(Bonus) The Forgotten Online Pioneer, Bill von Meister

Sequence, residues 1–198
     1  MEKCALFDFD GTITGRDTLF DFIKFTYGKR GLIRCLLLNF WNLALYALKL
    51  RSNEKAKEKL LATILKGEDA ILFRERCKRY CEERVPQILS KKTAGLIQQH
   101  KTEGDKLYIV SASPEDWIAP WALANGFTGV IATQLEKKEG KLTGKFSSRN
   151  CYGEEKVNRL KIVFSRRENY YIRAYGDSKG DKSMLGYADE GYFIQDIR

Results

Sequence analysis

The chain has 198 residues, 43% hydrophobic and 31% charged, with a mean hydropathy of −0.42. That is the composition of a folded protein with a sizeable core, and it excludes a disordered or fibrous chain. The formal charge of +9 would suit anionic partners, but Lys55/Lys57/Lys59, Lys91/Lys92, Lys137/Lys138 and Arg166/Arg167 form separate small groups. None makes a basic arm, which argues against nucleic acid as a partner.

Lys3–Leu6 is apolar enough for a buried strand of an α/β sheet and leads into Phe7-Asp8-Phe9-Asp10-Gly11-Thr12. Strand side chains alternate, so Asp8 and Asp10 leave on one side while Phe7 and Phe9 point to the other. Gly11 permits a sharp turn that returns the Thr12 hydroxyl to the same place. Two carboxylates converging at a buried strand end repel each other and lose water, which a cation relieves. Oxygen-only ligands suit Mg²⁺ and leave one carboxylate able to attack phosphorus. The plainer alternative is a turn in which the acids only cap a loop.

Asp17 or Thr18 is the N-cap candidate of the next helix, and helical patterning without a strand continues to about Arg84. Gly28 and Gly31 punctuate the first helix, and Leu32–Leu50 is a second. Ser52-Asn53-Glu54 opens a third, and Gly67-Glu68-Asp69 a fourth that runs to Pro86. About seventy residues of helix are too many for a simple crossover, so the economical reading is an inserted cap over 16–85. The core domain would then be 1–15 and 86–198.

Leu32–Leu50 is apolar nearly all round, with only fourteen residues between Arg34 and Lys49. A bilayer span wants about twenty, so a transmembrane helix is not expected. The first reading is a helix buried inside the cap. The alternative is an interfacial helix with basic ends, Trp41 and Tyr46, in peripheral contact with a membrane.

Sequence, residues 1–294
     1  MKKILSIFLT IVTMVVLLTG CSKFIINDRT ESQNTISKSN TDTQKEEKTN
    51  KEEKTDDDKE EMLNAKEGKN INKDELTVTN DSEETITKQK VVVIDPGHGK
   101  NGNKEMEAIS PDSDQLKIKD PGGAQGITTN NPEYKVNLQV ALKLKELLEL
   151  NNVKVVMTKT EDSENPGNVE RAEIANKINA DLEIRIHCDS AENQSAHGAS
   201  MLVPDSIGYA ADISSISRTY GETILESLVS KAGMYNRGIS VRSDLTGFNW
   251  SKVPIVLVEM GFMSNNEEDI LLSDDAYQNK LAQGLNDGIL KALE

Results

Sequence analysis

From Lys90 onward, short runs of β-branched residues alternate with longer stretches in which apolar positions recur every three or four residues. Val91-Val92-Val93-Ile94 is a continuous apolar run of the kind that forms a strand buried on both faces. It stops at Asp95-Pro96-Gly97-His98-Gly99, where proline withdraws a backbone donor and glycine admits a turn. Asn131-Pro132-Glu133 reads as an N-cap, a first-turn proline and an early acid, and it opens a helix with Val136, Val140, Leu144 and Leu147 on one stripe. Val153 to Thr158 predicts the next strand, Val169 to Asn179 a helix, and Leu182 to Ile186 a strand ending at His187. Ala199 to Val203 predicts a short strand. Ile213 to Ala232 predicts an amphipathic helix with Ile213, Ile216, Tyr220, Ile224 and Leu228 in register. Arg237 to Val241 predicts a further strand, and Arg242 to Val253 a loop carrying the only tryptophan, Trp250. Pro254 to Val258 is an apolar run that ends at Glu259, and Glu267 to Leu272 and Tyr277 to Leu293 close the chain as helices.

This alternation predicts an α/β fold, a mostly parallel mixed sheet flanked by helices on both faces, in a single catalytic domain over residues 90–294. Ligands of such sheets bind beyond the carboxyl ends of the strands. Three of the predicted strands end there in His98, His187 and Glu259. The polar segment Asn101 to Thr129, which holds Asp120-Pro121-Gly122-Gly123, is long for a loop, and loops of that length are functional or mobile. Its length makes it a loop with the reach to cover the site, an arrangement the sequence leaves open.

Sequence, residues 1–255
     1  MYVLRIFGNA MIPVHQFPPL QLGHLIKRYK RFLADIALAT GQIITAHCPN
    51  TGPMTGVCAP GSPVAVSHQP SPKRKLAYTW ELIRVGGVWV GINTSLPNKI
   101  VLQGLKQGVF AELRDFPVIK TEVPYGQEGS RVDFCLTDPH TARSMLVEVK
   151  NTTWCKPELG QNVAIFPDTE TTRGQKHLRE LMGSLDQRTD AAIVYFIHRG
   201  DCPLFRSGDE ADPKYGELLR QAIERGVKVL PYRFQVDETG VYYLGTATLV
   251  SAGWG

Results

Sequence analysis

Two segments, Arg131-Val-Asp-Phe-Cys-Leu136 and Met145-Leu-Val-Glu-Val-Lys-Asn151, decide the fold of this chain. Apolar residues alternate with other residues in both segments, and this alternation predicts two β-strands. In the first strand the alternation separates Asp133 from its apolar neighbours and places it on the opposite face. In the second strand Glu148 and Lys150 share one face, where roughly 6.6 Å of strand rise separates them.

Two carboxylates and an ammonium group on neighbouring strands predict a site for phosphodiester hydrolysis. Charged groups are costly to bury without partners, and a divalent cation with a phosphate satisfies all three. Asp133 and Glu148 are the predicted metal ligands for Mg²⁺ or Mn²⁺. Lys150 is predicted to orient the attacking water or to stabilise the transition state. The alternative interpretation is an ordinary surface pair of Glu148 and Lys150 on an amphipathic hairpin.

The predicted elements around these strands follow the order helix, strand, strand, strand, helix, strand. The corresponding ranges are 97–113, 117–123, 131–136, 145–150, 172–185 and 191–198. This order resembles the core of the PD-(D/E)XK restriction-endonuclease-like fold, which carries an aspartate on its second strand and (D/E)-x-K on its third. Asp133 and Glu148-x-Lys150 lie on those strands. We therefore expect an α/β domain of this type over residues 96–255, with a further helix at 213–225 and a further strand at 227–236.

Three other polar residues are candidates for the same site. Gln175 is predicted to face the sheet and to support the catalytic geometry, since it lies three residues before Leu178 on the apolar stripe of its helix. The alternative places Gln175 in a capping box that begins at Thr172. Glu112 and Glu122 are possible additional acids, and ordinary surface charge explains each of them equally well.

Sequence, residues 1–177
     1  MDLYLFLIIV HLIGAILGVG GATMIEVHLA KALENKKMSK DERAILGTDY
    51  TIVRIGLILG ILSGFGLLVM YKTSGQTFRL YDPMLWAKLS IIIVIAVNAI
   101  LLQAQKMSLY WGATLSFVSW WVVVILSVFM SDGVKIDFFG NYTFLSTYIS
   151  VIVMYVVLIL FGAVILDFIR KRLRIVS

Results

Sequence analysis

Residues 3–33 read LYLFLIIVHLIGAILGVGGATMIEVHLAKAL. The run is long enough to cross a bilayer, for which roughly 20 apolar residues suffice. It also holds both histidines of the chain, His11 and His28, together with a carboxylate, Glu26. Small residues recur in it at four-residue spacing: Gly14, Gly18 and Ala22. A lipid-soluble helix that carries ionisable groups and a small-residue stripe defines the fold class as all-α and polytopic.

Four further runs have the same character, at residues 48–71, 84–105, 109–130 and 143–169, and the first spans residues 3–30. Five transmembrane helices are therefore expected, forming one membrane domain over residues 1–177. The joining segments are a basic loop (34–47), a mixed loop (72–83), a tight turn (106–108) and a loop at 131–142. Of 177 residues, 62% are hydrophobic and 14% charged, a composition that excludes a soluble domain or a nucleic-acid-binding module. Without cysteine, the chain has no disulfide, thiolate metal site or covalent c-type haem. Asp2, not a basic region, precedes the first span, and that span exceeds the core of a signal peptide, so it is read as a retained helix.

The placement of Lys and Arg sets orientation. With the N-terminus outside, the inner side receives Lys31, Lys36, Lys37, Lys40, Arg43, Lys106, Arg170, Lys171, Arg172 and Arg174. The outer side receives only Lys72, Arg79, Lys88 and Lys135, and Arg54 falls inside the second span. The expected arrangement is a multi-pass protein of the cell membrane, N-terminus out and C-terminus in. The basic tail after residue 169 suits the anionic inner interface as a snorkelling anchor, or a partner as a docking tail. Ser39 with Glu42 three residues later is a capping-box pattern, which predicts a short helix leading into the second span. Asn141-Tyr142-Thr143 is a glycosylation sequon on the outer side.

Since it’s a holiday week in the US, I’m going to do what I’ve done once before on Holiday weeks and give you an episode from the Internet History Podcast archives. This is a story about tech history that, if you’ve never heard it, will blow your mind. What if I told you there was a crazy entrepreneur who was the true founder of what would become America Online? He was the guy who hired Steve Case back before AOL was AOL. What if I told you that same entrepreneur invented true, networked, online gaming—not in the era of the Xbox 360, or Stadia, but back in the days of the Atari 2600? What if I then told you that same entrepreneur invented a Napster/Pandora/Spotify/Sirius-like music service, all the way back in 1981, before the compact disc was even widely available? That Man Is William von Meister And he is the subject of this episode. This is a crazy story, about a hard drinking, heavy-smoking, women-chasing entrepreneur, seemingly from the Mad Men cloth, who was “a pathological entrepreneur” with a “reality-distortion-field” that would give Steve Jobs a run for his money. It’s a story of about a dozen harebrained businesses, none of which were really successful (excepting of course that some or all of them lent their DNA to the company that would become AOL) but all of which were way ahead of their time, and in many ways, presaged technologies we take for granted today.